human-hack-a-pus

human_platypus

This dude is taking things to the next level. As quoted in the Malaysian Digest:

“Externally, I am now a platypus,” he said. “My resemblance is the way I want it to be. It takes bravery to do what I’ve done and I will keep modifying my body until I am happy.”

And from Lidtime:

He added “Even after these transformation, I can normally eat, talk and even sing. I feel everything normal”.

Singing is the essence of the human spirit. Rock on dude, and happy Platypus Friday!

a week at angaza

wigglepus

It’s been an exciting first week at Angaza, ramping up and getting to know my new team.

Things move fast here. Not only am I trying to internalize a new set of business partners, product lines, roadmaps, and metrics, but of course the new code base as well.

Speaking of which, I’ve already pushed code to production twice this week, with my first deploy on Wednesday. Not quite as fast as Facebook, who famously have their new engineers deploy on day 1, but for us, day 3 surely ain’t bad.

And after multiple mind-melds with the team, I’m even more excited than ever about our mission to bring energy independence to those most in need.

Finally, the icing (or perhaps more accurately, the home made thousand island dressing) on top is the amazingly delicious food provided by Hattery.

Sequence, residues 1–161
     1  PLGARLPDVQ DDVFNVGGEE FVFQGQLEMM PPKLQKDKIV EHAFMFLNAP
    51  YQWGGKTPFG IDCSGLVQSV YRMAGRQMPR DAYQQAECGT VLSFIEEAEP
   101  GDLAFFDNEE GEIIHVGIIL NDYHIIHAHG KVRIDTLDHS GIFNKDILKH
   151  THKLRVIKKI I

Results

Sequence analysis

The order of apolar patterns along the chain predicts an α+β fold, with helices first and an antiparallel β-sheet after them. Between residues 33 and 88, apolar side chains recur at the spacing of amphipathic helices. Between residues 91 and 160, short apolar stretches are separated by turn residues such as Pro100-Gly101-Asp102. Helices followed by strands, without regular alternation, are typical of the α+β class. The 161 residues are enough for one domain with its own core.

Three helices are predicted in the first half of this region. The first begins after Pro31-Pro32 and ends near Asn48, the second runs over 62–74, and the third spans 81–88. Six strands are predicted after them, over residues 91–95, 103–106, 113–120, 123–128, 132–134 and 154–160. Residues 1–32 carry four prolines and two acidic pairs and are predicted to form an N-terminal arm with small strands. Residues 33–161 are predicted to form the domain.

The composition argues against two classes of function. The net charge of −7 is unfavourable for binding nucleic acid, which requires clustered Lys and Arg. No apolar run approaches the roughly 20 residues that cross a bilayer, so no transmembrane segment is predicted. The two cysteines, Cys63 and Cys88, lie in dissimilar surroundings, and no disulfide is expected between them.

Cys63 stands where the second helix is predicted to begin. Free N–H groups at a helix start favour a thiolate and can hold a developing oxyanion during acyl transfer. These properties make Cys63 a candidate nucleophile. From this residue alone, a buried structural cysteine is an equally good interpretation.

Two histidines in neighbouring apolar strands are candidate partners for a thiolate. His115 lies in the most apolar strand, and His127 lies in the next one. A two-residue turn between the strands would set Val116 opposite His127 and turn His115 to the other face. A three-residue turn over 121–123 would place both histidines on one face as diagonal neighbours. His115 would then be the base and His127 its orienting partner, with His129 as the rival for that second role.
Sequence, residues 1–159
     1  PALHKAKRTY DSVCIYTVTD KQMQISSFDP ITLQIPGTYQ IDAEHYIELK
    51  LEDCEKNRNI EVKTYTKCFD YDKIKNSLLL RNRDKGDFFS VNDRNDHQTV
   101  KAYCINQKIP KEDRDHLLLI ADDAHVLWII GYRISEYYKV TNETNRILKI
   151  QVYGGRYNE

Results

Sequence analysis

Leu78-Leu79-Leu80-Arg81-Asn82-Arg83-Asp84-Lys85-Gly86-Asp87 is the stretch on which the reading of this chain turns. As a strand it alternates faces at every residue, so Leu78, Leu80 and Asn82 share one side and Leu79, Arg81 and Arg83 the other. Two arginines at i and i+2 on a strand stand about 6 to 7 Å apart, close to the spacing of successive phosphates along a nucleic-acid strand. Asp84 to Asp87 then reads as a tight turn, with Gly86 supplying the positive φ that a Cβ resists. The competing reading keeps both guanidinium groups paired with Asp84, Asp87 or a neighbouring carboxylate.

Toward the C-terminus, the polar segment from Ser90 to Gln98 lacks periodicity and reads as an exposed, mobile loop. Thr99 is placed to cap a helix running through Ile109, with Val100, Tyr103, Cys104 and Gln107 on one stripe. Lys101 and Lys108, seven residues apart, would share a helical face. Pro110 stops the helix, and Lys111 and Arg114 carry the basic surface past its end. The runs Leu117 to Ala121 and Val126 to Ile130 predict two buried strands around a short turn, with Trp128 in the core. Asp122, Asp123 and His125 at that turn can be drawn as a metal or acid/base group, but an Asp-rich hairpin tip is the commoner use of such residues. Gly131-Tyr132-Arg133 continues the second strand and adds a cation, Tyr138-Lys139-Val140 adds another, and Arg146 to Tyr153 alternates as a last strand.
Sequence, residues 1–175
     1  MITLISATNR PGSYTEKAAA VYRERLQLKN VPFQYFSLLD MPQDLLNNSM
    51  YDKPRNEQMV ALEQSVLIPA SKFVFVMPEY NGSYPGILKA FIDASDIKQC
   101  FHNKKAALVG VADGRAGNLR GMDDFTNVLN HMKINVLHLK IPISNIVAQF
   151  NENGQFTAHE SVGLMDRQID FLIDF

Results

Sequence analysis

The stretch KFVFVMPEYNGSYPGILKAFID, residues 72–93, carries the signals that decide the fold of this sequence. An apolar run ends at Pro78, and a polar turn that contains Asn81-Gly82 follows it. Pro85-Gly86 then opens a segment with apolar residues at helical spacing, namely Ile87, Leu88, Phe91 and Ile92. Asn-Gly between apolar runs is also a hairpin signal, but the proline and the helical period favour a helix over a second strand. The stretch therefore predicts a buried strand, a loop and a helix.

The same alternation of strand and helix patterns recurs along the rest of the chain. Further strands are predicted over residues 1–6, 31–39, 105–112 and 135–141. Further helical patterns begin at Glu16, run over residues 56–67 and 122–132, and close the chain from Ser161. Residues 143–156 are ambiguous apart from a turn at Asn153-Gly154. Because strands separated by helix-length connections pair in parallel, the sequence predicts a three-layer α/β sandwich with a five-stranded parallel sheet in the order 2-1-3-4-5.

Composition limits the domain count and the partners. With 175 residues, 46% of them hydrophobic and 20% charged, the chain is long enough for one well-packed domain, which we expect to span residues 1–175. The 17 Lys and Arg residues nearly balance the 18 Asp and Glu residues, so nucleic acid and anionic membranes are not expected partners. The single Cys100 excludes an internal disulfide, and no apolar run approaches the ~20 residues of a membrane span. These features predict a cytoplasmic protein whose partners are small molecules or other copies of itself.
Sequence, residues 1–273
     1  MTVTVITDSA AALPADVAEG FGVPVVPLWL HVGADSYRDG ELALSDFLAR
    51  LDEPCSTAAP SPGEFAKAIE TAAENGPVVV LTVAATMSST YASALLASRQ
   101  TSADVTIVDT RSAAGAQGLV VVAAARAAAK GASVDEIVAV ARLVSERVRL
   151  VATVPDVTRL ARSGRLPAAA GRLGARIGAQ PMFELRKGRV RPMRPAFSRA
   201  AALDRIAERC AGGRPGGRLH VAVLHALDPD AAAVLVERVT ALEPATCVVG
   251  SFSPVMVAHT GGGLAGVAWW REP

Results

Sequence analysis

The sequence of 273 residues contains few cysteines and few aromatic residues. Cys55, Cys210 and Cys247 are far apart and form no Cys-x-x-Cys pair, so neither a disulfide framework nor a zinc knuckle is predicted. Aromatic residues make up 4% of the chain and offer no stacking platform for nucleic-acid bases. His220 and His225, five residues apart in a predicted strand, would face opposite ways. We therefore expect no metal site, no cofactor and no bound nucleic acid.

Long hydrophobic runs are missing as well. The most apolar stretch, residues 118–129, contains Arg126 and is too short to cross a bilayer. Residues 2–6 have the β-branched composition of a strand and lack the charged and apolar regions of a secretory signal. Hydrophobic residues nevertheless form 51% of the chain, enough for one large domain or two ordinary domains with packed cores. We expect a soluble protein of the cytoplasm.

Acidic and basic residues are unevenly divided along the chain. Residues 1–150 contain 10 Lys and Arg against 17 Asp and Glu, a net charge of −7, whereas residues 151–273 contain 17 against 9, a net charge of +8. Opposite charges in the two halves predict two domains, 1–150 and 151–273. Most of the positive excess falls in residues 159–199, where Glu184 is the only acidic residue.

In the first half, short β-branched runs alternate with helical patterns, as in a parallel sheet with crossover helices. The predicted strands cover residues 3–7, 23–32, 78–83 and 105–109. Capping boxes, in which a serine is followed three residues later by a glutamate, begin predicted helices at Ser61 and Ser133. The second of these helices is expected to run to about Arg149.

Happy Platypus Friday!

hattery-reuben

dino-pus

awwww-620x349

Another jawesome reported from Jaustralia: Fleshy comb discovered on duck-billed dinosaur.

The finding provides further insight into the evolution of head crests and behaviour in hadrosaurs, commonly known as duck-billed dinosaurs.

The fleshy comb in Edmontosaurus would not have been capable of making sound, leading the researchers to think it was for display.

“If we compare that to other animals today that have a similar type of crest then these things were probably brightly coloured, and would have been used to show off how attractive a male was and perhaps who was head of the herd,” Dr Bell said.

Happy not-quite-Friday!

folding proteinpus

There’s an awesome tool/game out there called FoldIt, which allows you to play with folding proteins for fun and science. Best part? The platypus venom protein is included!

From:
http://fold.it/portal/node/993621:

This is a short 42-residue protein found in duckbilled platypus venom for new players to try out after completing the Introductory Puzzles.

The game runs on all major platforms (including Linux! nb, apt-get install freeglut3 on Ubuntu to make it work) and now I know how I’m spending my weekend.

Happy Platypus Friday!